There’s something in the eight-day holiday dedicated to every part of this story. Alongside a synagogue service filled with prayer and song, Passover is greatly centred on a seder dinner: a long meal with prayers and retellings of the story, to help us remember our ancestors’ suffering and appreciate our freedom. This isn’t to say it’s sombre, though— while it’s still a serious affair, it’s a time for appreciating what we have and spending time with family.

There’s one other tradition key to this holiday: Jews are intended to avoid eating risen foods, particularly bread, during Passover. This is to show memory for the Jews who had to leave Egypt so fast that the bread they made didn’t have time to rise. One of the token foods of Passover, a fairly flat and dry cracker called matzah, is a dedication to the food they had to eat on their journey. – GC



Jewish holidays have a pretty common trend in terms of theme and story: the Jewish people were threatened, they escaped and survived, and now we celebrate our perseverance. Sukkot stands far from this trend by being a time to celebrate the fall harvest and rest. At its core, this holiday is a celebration of food, nature, and peace.

What makes this holiday memorable and fun are the traditions around it, which are far more visual than the typical seder dinner (see the entry on Passover). This is much because of where the celebration takes place: an outdoor shelter made of wood and leaves called a Sukkah, which lets us be closer to nature. Many families build their own for their backyard, but Synagogues typically have one of their own for people to use as well.

The other typical tradition involves a pair of objects called the lulav and etrog to represent food and nature. The etrog is a small citrus fruit, while the lulav is a palm branch with two types of twigs (hassadim and aravot) attached to it. On each of the mornings of Sukkot (which lasts around seven days), the prime prayer tradition is to shake these objects in all directions to show appreciation and acknowledgement for the Lord’s love and kindness.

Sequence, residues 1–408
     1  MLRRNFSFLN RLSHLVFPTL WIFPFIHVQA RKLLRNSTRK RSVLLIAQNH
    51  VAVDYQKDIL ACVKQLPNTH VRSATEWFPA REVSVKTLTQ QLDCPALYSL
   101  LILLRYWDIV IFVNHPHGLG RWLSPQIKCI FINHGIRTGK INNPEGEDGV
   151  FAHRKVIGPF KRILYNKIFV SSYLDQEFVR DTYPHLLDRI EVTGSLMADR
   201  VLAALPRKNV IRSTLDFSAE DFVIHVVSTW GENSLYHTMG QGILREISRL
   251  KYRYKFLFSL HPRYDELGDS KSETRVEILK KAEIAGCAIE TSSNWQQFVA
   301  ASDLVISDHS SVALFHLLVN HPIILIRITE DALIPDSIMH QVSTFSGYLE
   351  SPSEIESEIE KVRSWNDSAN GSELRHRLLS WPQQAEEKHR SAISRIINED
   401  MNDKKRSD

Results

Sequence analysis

It isn’t the most dramatic holiday, but it’s a pleasant one amidst many challenging days Jews face. As a kid, I can definitely say a highlight of my Jewish upbringing was walking around my Synagogue’s sukkah every year and being amazed at this beautiful, natural structure. – GC



First off, let’s establish that the answer to “how do you spell Hannukah?” is “with a different alphabet.” The variation of spellings in English comes from different preferences for the way Hebrew characters relate to Latin ones. Transliteration has a few rules with wiggle-room, so the variations that exist are all just as right, and just as wrong, as the others.

Hannukah is a holiday from a post-Biblical book called The Book of the Maccabees. The story as currently told is that after a battle fought to oust Greeks that were defiling the Temple, only enough consecrated oil remained for one day. Someone lit it anyways and it miraculously lasted eight days. To this day, we light the candles in memory of God’s miracles and they are symbolic of keeping tradition alive. Because the temple menorah ran on oil, food cooked in oil became symbolic too, making this the holiday of not just latkes, but jelly-filled doughnuts too. The story pushed out of focus by the miracle of the oil is that of Judah Maccabee, who led a group of rebels that ousted the Greeks after they rededicated their Jewish temple. While they were barred from the temple, they couldn’t celebrate Sukkot, so they celebrated it belatedly after they came out victorious against the Greeks. This belated Sukkot was turned into a holiday of its own, to celebrate the struggle to celebrate.

For a few reasons, the story of the oil has taken primacy over his. The Rabbis of the diaspora, centuries later, felt celebrating military victory might be dangerous, not just from outside but from inside as well, inspiring careless bravado that could get people killed.

Regardless of which miracle you promote, in essence their meanings are the same: that of perseverance, and trust that God will bring us through hardship when we feel like we may burn out before the end. Ultimately, the light in darkness — acutely felt in winter here in B.C. — will continue to burn. – RL